Twin Peaks
Episode Twenty-Four

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Her Boogie Knight In Shining Armor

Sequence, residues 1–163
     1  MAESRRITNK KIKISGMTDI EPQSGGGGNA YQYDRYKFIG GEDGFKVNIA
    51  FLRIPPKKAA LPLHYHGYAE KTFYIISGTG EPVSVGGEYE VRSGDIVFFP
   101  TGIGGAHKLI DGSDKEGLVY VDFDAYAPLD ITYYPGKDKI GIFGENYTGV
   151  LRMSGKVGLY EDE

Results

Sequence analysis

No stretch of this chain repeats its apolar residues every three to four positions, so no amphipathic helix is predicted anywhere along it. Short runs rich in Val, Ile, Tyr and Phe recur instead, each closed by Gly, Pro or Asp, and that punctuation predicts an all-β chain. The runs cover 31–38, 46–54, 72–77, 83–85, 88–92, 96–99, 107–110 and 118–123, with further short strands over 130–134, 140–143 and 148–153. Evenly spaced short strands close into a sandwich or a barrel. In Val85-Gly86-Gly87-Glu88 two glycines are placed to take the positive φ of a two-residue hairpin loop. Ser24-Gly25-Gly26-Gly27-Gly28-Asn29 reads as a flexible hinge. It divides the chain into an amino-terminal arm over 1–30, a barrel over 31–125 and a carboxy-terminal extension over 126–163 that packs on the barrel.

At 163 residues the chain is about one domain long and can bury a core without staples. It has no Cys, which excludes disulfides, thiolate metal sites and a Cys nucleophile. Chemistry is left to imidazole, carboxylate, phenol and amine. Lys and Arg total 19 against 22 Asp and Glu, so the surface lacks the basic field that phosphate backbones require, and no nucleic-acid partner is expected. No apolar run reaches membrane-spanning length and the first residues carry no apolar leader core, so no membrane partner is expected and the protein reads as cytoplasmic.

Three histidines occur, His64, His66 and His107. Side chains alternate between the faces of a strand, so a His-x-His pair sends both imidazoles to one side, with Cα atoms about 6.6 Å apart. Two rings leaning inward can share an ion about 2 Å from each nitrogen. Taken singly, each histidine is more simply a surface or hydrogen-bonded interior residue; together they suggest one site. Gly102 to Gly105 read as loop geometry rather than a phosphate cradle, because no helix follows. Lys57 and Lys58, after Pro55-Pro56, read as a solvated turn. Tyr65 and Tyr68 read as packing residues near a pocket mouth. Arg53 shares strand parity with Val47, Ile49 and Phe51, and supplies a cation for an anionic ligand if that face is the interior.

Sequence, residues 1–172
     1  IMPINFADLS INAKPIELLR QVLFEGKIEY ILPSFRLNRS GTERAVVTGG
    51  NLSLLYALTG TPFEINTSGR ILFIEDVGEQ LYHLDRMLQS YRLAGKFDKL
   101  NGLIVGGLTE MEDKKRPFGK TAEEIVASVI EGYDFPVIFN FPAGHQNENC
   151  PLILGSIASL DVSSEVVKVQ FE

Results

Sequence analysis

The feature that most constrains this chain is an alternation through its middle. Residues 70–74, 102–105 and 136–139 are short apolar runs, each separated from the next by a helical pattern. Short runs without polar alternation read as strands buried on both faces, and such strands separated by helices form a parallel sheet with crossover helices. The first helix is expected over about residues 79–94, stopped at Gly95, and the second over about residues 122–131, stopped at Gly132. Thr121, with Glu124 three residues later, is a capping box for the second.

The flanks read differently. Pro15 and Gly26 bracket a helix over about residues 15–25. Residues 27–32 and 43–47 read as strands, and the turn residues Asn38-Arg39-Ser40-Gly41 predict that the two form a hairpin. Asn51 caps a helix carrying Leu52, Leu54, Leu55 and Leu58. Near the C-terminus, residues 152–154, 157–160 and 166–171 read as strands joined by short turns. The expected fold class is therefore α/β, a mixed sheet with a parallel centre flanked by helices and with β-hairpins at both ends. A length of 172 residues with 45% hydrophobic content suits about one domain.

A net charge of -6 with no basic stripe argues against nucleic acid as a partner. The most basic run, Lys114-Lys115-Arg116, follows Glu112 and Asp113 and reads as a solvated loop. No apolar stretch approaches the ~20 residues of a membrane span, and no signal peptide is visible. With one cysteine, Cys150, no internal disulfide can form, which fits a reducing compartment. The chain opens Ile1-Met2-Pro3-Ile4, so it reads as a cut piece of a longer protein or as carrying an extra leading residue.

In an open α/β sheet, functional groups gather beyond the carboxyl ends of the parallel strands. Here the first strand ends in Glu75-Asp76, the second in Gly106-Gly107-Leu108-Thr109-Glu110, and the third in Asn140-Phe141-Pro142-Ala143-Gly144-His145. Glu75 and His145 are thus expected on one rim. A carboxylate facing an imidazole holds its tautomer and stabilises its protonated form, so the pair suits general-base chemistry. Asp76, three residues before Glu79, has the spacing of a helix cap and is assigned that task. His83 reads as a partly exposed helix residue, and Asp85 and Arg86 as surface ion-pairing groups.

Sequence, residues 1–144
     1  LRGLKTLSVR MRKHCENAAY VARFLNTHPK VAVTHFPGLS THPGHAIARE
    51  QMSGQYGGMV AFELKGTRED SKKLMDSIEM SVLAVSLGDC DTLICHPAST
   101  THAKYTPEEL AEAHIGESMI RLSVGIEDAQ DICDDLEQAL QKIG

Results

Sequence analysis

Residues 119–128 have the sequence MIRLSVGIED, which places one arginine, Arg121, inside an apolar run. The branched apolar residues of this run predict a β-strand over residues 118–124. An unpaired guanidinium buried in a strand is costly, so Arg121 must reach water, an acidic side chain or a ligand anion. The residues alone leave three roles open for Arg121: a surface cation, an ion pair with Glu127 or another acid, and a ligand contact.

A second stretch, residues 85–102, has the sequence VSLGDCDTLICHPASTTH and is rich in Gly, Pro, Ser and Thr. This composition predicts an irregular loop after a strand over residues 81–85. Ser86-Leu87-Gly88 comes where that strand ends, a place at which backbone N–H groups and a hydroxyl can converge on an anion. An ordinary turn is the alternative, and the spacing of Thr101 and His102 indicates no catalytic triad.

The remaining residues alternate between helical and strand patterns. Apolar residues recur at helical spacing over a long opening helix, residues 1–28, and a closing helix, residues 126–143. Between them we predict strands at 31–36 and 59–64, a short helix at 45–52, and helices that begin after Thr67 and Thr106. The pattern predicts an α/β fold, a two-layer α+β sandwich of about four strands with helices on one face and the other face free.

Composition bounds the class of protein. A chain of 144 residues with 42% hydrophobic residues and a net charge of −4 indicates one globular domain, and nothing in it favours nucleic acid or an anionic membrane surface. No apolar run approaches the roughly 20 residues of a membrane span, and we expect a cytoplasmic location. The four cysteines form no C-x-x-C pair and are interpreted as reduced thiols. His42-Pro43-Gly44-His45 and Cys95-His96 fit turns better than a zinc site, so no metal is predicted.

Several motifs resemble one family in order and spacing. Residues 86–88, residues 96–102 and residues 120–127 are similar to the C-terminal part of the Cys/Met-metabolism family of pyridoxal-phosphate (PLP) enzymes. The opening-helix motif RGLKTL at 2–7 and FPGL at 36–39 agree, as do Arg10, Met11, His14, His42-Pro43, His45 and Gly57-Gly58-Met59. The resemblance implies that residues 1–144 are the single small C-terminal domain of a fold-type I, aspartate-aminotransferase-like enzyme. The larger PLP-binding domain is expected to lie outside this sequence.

A wailing saxophone and moody-as-Seattle-in-January-four-seconds-before-the-cancellation-of-your-moody-show-about-Seattle-in-January-and-surrounding-environs snare drum kick up on the soundtrack. The ditty is a Badalamenti-penned so-called "jazz" so-called "riff," which I'm sure even Kenny G dismissed as being "a bit on the generic side," drop-kicking it right back to the dreary television ghetto that is a late-series episode of Twin Peaks. An extreme close-up of a scruffy and despondent-looking Harry "The No-Joy No-Luck Club" Truman is intercut with flashback shots of his current interior monologue: gauzy shots of Harry with his lost (or is she?) lady (or IS SHE?) love, Josie "Hooker With A Heart Of Bad Acting" Packard. In his memory, she smiles at him. She winks at him. She appears shy and submissive and young, a coquettish lover like the Greeks used to fancy. Because of the part where she's a little boy. That's right, folks. Pedophile humor. Drink it up, America. Drink it up like Harry drinks up yet another shot (extraneous segue alert!) of some hard-core beverage dispensed out of a glass bottle which might as well be a jug with three x's tattooed across the side. Wow. That's some strong poison, cowboy. Who even mass-markets moonshine anymore? Oh, Lord, look what he's done. The poor man has depressed himself right into Prohibition times.